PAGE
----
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From Bad Eye Surgeons to Cat Fancies: This Week's Curios

Justin Kitch | Posted 05.27.2016 | Education
Justin Kitch

Every day of the year, CEO Justin Kitch writes a quirky fact, known as the Daily Curio, intended to tickle the brains of lifelong learners...

Take Virtual Reality, Add 3D Printed Food: Will Anyone Stop Playing?

Pradeep Aradhya | Posted 05.27.2016 | Technology
Pradeep Aradhya

In the current year alone we have seen everything from VR games, to educational experiences to VR medicine to even virtual sex experiences.

Science That Can Make The Paris Agreement a Success

Alain Vidal | Posted 05.26.2016 | Green
Alain Vidal

We're well on our way to COP22 in Marrakech, and it is imperative to remember that the world, and in particular the poorest and most vulnerable, are expecting - no, needing - action. This action needs to be based on science, and supported by just and transparent public policies and private investments.

China Has Been Brewing Beer for At Least 5000 Years

Sarah Caroline Bell | Posted 05.26.2016 | Science
Sarah Caroline Bell

On May 23, Jiajing Wang of Stanford University reported in The Proceedings of the National Academy of Sciences that evidence has been found to suggest that beer has been brewed in China for at least 5000 years.

Probuphine: A Game-Changer in Fighting Opioid Dependence

Nora Volkow | Posted 05.26.2016 | Science
Nora Volkow

One of the challenges with all addiction medications, however, is making sure patients adhere to their prescribed regimen. For the medication to be effective, the patient must take their prescription or show up at the clinic on a daily basis.

The Climate Post: Melting of Totten Glacier Could Trigger 6 Foot Sea-Level Rise

Tim Profeta | Posted 05.26.2016 | Green
Tim Profeta

According to researchers who mapped the shape of the ice sheet as well as the thickness of rocks and sediments beneath it to examine the historical characteristic of erosion of Totten's advances and retreats, unabated climate change could cause the glacier to enter an irreversible and rapid retreat within the next century.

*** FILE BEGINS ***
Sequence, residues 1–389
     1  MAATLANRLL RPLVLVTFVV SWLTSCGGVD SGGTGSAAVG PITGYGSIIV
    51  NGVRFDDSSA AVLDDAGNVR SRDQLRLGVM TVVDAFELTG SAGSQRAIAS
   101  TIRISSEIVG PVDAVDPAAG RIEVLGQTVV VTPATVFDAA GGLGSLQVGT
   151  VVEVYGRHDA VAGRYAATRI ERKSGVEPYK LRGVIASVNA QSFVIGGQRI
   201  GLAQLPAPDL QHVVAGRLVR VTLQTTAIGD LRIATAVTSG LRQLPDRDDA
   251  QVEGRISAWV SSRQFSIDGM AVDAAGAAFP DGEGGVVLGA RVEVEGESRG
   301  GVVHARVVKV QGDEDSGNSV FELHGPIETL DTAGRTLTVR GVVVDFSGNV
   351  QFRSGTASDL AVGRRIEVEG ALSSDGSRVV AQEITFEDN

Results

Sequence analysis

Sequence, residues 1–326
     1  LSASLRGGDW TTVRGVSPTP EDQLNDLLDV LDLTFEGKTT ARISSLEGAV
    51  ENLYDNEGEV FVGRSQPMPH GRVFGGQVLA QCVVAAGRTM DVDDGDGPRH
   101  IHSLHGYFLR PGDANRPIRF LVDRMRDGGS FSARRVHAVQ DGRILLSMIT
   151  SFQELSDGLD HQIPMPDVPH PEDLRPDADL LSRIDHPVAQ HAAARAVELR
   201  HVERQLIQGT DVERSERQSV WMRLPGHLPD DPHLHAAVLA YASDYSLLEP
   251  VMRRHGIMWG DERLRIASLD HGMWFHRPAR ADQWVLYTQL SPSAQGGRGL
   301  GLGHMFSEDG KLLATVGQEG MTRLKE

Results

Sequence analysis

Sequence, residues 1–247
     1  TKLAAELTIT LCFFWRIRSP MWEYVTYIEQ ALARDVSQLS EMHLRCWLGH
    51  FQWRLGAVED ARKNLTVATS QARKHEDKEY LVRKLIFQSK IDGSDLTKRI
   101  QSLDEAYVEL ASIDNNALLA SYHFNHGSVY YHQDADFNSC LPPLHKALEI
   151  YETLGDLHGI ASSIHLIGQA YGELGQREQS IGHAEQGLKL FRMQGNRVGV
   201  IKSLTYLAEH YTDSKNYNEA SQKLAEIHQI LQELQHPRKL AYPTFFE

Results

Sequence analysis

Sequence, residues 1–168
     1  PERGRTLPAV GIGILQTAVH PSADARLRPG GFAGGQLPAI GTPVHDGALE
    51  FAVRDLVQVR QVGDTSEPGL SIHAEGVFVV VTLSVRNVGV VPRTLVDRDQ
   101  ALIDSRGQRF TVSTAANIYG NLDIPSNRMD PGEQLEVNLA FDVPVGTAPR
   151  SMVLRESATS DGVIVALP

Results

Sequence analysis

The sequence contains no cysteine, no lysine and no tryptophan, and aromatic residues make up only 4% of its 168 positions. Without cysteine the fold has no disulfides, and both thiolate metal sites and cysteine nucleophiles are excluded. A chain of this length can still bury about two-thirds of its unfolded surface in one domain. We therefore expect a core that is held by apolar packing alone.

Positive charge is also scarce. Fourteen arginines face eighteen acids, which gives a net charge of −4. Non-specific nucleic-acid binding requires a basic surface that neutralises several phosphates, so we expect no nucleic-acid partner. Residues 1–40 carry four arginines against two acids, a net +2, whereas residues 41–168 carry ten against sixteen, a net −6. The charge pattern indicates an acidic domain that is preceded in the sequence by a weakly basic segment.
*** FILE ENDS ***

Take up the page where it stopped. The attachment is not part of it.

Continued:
Water Quality Linked to Infant Skin Health

Sarah Caroline Bell | Posted 05.26.2016 | Science
Sarah Caroline Bell

For those with babies or children suffering, this could be the news you have hoped for. Eczema is a painful condition; any relief would be welcome.

Dare to Be 100: Beware Science Hype

Walter M. Bortz II, M.D. | Posted 05.25.2016 | Healthy Living
Walter M. Bortz II, M.D.

I hate to admit it, but I am probably addicted to my every Wednesday morning 8 AM routine when I am invariably seated at the Stanford Department of Me...

Open Classes in OUR Classrooms

Paula Kay Glass, BS, MEd | Posted 05.25.2016 | Education
Paula Kay Glass, BS, MEd

I love to learn. I would be the person in college for the rest of my life if I could fit it in with everything else I do. So when I came across Harvard's open classes, I was in heaven.

First Humanitarian Summit Must Address Causes of Recurring Crises

Luca Alinovi | Posted 05.25.2016 | Science
Luca Alinovi

Luca Alinovi, Executive Director, Global Resilience Partnership Johan Rockström, Executive Director, Stockholm Resilience Centre The first United N...

Climate Change This Week: Hot Spiral, Big Oil Cleaning, and More!

Mary Ellen Harte | Posted 05.24.2016 | Green
Mary Ellen Harte

Today, the Earth got a little hotter, and a little more crowded. Bizarre Biodiversity in the Boreal are wood frogs that freeze in winter, thaw in s...

The Fountain of Youth, Where No One Drinks

David Katz, M.D. | Posted 05.24.2016 | Healthy Living
David Katz, M.D.

We have been preoccupied with anti-aging perhaps since the very dawn of self-awareness, and the implications of mortality it unveiled. We have, ever since, tethered our fears to faith and fantasy, tangled our aspirations up in fable -- about fountains of youth in particular.